It is worth noting that there are broad based measures of performance as well that drive the user interface of a selection of applications. These too have their place--they are best used to compare different underlying hardware or drivers with the same version of Windows. The reason for this is that automation itself is often version dependent and because automation happens in a less than natural manner, there can be a tendency to measure these variances rather than any actual perceptible performance changes. The classic example is the code path for drawing a menu drop down--adding some instructions that might make the menu more accessible or more appealing would be impossible to perceive by a human, but an automated system that drives the menu at super human speed would see a change in "performance". In this type of situation the effect of a micro-benchmark is magnified in a manner inconsistent with actual usage patterns. This is just a word of caution on how to consider such measurements.
Given this focus across different types of measurement it is important to understand that the overall goal we have for Windows 7 is for you to experience a system that is as good as you expect it to be. The perception of performance is just as important as specific benchmarks and so we have to look to a broad set of tools as above to make sure we are operating with a complete picture of performance.
In addition to these broad strategies there are some specific tools we've put in place. One of these tools, PerfTrack, takes the role of data to the next level with regard to performance and so will play a significant role in the beta. In addition, it is worth reminding folks about the broad set of efforts that go into engineering for performance:
Perftrack is a very flexible, low overhead, dynamically configurable telemetry system. For key scenarios throughout Windows 7, there exist “Start” and “Stop” events that bracket the scenario. Scenarios can be pretty much anything; including common things like opening a file, browsing to a web page, opening the control panel, searching for a document, or booting the computer. Again, there are over 500 instrumented scenarios in Windows 7 for Beta.
Obviously, the time between the Stop and Start events is meant to represent the responsiveness of the scenario and clearly we’re using our telemetry infrastructure to send these metrics back to us for analysis. Perftrack’s uniqueness comes not just from what it measure but from the ability to go beyond just observing the occurrence of problematic response times. Perftrack allows us to “dial up” requests for more information, in the form of traces.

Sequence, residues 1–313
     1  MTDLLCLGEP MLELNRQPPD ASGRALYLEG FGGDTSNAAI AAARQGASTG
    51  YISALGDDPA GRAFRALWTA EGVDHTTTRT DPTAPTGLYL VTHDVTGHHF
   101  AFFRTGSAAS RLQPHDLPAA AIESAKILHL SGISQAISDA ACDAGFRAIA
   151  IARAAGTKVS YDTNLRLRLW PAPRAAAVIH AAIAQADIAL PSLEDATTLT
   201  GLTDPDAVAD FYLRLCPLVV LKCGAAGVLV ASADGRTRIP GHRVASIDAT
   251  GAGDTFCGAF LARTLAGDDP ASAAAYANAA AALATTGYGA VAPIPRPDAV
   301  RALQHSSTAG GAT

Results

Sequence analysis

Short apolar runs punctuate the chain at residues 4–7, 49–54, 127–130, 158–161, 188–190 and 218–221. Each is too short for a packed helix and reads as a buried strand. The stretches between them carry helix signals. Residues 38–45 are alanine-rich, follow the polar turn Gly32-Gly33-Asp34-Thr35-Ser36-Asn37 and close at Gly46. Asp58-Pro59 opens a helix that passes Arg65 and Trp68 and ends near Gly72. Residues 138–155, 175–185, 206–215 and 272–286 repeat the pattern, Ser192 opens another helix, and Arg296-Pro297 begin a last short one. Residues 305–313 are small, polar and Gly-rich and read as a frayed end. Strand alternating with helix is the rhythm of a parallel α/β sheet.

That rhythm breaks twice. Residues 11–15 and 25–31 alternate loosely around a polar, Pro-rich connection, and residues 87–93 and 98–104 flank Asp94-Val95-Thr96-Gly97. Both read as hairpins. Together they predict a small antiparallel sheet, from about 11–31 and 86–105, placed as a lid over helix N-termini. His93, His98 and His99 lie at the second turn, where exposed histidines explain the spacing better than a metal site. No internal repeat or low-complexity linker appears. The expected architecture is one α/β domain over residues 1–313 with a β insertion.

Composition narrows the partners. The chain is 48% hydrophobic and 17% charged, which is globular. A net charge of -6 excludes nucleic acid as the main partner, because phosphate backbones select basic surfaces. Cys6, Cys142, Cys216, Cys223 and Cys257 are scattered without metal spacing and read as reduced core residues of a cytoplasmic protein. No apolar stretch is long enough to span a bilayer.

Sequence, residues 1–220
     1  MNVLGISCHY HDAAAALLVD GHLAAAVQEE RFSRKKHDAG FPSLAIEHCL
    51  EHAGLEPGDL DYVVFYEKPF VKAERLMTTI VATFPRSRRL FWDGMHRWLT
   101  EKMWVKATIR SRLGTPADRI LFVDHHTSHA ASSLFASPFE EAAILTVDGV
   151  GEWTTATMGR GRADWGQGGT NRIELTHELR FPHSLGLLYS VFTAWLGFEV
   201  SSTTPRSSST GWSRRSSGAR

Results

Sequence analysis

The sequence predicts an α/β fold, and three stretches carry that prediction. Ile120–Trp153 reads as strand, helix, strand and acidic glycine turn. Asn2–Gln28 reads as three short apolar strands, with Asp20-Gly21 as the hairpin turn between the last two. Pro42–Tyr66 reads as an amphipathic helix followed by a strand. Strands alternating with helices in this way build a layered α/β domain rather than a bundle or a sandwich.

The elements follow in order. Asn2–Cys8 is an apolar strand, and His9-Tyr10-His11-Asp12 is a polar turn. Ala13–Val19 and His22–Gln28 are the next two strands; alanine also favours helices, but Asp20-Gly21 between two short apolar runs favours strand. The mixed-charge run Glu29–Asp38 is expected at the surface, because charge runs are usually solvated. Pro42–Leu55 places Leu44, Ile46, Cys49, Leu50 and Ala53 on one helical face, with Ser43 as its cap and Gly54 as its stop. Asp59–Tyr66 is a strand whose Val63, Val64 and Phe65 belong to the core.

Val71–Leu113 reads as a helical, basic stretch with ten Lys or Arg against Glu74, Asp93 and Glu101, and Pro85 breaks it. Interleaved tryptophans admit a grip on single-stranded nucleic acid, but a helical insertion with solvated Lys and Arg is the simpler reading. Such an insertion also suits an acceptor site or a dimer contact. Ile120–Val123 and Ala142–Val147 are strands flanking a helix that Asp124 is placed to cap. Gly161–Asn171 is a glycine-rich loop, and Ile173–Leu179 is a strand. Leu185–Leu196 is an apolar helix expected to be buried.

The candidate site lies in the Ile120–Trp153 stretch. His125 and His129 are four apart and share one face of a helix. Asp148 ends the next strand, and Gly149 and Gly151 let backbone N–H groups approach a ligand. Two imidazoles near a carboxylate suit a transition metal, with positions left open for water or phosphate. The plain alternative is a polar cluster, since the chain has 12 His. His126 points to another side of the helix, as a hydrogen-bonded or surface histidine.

Let’s consider the distribution below and, for fun, let's pretend the scenario is opening XYZ. For this scenario, the feature team chose to set some goals for responsiveness. With their chosen goals, green depicts times they considered acceptable, yellow represents times they deemed marginal, and red denotes the poor times. The times are in milliseconds and shown along the X axis. The Hit Count is shown on the Y axis.
As can be seen, there are many instances where this scenario took more than 5 seconds to complete. With this kind of a distribution, the performance team would recommend that we “dial up” a request for 100+ traces from systems that have experienced a lengthy open in the past. In our “dialed up” request, we would set a “threshold” time that we thought was interesting. Additionally, we we may opt to filter on machines with a certain amount of RAM, a certain class of processor, the presence of specific driver, or any number of other things. Clients meeting the criteria would then, upon hitting the “Start” event, configure and enable tracing quickly and potentially send back to us if the “Stop” event occurred after our specified “threshold” of time.
As you might imagine, a good deal of engineering work went into making this end to end telemetry and feedback system work. Teams all across the Windows division have contributed to make this system a reality and I can assure you we’ll never approach performance the same now that we have these capabilities.
As a result of focusing on traces and fixing the very real issue revealed by them, we’ve seen significant improvements in actual responsiveness and have received numerous accolades on Windows 7. Additionally, I’d like to point out that these traces have served to further confirm what we’ve long believed t be the case.
This post provides an overview of the ways we have thought about performance with some specifics about how we measure it throughout the engineering of Windows 7. We believe that throughout the beta we will continue to have great telemetry to help make sure we are achieving our goals and that people perceive Windows 7 to perform well relative to their expectations.
We know many folks will continue to use stop watches, micro-benchmarks, or to drive automated tests. These each have their place in your own analysis and also in our engineering. We thought given all the interest we would talk more about how we measure things and how we're engineering the product.
--Steven and Michael
"i want to be able to run windows 7 extremely fast and still look good graphically on a asus aspire one netbook with these specs-1.5 ghz intel atom processor (single core) 1gb of ram"
I'm pretty sure Acer will be disappointed if Asus have bought out an Aspire One range :S